Edward S. Dy, M.D., diabetes; UW Neighborhood Factoria Clinic, 13231 SE 36th St., Bellevue, 425.957.9000; UW Medical Center (University of Washington clinical assistant professor of internal medicine); University of Santo Tomas, Philippines, 1991
These practitioners integrate alternative practices, such as acupuncture and naturopathy, with traditional medicine
Mi-Jung Lee, N.D., LAc, hormone balance, natural antiaging, functional medicine; Tahoma Clinic, 15446 Bel-Red Road, B10, Redmond, 425.497.9558; 6839 Fort Dent Way, Tukwila, 206.812.9988; Bastyr University, 2004
What is your favorite part of your workday?At the start of every team meeting, we talk about patients whom we’ve cared for who died in the previous week. We reserve this time to talk about that person as a whole person, not just as a patient. And this is the time that I hear stories not just about the patients who we care for, but also about the incredible members of the team who care for them. I never cease to be amazed by the skill, compassion, inventiveness and abiding good humor of my teammates who work in hospice and palliative medicine.
In all the years Seattle magazine has been asking local doctors to nominate health care practitioners for our Top Doctors list, only one doctor has received top votes in his specialty every single year. It’s probably no surprise to his colleagues and patients that this man is Joseph Gruss, M.D., chief of Craniofacial, Plastic and Reconstructive Surgery at Seattle Children’s Hospital.
Peter Hashisaki, M.D., Overlake Hospital Medical Center, 1035 116th Ave. NE, Bellevue, 425.455.8248; Overlake; University of Washington, 1975
Jason Kettler, M.D., HIV care; Group Health, Bellevue Medical Center, 11511 NE 10th St., 206.326.3055; Group Health Cooperative, Overlake Hospital Medical Center, Virginia Mason Medical Center; West Virginia University, 1998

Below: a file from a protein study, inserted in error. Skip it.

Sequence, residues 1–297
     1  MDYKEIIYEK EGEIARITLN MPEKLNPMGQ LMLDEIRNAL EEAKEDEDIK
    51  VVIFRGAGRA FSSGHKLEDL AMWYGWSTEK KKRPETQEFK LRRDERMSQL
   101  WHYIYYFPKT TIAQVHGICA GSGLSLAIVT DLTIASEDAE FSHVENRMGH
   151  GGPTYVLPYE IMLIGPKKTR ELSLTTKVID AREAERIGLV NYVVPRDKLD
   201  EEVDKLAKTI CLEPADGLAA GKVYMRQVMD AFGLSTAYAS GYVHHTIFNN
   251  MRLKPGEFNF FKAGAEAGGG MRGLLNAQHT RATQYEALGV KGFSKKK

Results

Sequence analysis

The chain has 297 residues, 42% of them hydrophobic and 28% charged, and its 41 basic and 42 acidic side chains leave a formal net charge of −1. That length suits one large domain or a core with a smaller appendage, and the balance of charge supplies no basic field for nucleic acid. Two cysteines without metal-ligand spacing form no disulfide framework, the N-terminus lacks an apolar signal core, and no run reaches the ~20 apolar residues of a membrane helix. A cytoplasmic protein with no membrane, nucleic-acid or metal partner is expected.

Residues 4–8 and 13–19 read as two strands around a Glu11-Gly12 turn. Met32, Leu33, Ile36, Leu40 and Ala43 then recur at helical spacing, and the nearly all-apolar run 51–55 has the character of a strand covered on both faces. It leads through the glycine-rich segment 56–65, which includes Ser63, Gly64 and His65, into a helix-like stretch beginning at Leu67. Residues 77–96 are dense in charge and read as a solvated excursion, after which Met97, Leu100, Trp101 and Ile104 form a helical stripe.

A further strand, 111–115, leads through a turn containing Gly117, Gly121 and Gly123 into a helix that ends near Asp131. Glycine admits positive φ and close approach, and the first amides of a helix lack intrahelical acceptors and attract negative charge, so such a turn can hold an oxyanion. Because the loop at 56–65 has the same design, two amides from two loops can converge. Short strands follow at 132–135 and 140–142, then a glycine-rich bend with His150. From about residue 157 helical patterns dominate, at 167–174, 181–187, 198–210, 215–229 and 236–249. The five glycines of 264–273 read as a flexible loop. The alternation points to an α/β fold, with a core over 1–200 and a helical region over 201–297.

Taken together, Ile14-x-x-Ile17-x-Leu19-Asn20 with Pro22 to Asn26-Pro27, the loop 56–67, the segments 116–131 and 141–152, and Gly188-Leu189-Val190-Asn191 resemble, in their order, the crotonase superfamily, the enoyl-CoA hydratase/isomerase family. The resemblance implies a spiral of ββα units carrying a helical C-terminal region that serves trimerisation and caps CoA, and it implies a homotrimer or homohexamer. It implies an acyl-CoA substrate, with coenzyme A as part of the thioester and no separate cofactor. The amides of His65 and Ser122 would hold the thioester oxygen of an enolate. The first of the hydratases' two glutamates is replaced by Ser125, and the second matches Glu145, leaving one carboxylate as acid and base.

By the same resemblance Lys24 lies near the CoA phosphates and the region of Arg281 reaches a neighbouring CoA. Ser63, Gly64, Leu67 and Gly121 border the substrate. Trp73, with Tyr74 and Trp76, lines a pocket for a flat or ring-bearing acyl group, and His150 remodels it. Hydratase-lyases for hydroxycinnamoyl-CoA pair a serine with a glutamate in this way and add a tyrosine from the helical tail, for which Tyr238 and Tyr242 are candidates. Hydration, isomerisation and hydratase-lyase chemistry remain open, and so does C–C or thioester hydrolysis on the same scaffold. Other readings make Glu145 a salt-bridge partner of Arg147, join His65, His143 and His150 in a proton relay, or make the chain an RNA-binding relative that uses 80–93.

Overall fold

Hospitalists are concerned with the delivery of comprehensive medical care to hospitalized patientsBonnie V. Baker, M.D., perioperative medicine; Group Health Bellevue Medical Center, 11511 NE 10th St., 425.502.3280; Overlake Hospital Medical Center; University of Rochester, 2009James Boswell,* M.D., internal medicine; Overlake Hospitalist Practice, 1035 116th Ave. NE, Bellevue, 425.688.5072; Overlake Hospital Medical Center; Albany Medical School, 2002
Greg Grabowski, DPM, foot and ankle reconstruction; Podiatric Physicians & Surgeons Bellevue, 11711 NE 12th St., No. 1B, 425.450.0029; Overlake Hospital Medical Center, Swedish Medical Center, Bellevue Bone & Joint Physicians; California College of Podiatric Medicine, Oakland, 2001
Joshua Buckler, M.D., valvular heart disease (aortic stenosis/regurgitation, mitral stenosis/regurgitation), coronary artery disease, cholesterol/lipid disorders; Pacific Medical Centers, First Hill, 1101 Madison St., Suite 301, Seattle, 206.505.1300; PacMed, Swedish Medical Center, UW Medical Center, Virginia Mason Medical Center; University of Washington, Northwest Hospital & Medical Center; University of Michigan, Ann Arbor, 2001